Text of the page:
I’ve often said about the Jimmy Cooney thing, would other counties have replayed it? But Loughnane’s motto was “we’ll beat them again” but there’s only so many times you can go to the well.
JF: The bitterness continued into the U21 Munster final in Ennis in August when a Declan Browne goal helped win it for Tipp. The rows during the game, the brawl at the final whistle. Both of you were at it?
It was a mad match. The tension, there were hairs standing up on your neck the whole way through. Alan Markham scored a penalty before half-time and by God the place erupted. Then the scenes after the match, like, your mouth was open. (U21 coach) Davy and the Tipp sub goalie going at each other while the cup was being presented.
I was on the terrace with a few of the lads and there was a Clare crowd around us and like we didn’t even shout for Tipp. It gave you a sense that there was something wrong.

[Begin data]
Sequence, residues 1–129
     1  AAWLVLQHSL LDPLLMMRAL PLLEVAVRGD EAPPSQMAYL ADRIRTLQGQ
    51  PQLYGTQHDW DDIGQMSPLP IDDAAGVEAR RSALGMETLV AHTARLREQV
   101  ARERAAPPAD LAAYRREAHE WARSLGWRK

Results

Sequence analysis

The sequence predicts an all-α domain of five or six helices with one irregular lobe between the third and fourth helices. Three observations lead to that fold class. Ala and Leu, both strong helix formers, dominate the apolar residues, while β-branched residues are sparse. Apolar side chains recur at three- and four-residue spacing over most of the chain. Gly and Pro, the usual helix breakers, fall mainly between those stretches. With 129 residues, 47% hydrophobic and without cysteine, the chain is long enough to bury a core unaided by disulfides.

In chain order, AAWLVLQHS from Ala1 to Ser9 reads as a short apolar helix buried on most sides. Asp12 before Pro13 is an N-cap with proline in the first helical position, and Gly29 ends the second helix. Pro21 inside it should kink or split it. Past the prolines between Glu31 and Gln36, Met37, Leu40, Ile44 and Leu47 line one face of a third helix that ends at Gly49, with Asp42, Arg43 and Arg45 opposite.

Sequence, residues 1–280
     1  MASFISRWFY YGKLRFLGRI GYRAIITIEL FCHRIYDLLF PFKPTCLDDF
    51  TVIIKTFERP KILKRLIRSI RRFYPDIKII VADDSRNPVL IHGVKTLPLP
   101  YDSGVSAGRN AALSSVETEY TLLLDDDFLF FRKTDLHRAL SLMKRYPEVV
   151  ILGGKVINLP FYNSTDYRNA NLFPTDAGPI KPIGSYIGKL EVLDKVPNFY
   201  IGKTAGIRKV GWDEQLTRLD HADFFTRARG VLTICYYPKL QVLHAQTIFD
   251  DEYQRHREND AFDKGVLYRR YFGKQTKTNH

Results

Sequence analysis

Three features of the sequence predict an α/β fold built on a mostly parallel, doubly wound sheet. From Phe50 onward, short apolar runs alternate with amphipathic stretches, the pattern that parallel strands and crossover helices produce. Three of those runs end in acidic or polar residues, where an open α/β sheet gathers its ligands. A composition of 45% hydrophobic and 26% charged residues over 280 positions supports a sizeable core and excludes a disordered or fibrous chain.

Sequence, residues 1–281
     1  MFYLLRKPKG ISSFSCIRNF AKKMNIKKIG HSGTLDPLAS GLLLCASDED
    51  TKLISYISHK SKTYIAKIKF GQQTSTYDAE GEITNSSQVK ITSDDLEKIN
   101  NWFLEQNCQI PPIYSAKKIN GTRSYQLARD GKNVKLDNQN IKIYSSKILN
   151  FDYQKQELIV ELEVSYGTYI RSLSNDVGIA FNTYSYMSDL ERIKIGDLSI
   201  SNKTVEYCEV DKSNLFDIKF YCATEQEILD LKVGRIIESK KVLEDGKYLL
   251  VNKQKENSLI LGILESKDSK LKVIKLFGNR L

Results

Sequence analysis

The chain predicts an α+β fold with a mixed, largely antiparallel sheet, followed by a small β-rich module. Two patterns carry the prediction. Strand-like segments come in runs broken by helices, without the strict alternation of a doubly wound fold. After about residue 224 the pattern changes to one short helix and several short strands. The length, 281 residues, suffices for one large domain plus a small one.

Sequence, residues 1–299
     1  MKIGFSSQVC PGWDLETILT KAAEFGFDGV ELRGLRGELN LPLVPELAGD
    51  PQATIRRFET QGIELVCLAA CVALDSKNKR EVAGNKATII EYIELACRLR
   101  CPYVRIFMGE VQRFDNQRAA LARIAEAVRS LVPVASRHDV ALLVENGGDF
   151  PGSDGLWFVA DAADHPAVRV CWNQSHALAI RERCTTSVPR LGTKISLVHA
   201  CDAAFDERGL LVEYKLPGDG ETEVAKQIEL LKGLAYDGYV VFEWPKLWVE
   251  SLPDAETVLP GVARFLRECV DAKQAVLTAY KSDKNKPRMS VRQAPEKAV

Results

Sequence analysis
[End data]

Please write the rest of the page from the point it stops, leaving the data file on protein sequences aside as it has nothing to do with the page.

It had nearly gone.
It had got to a level where it was getting a bit ridiculous and that probably was needed to give people a reality check that it was only a sport.
There was 19,000 at that match.
JF: The 2008 U21 Munster final in Ennis was spicy too after the referee’s call to award Tipperary a winning 65 after Donal Tuohy stepped out of the square for a puck-out and Seamus Hennessy thanking the officials in his speech.
We probably have never seen anything like that since, a goalie being pulled up for the puck-out and then Seamus’ speech. If that happened in ‘99, there would have been absolute mayhem.
A riot. But hurling had changed. My first League game was against Tipp in ‘97 and it was on in Ennis and there was 18,000 on a Saturday evening.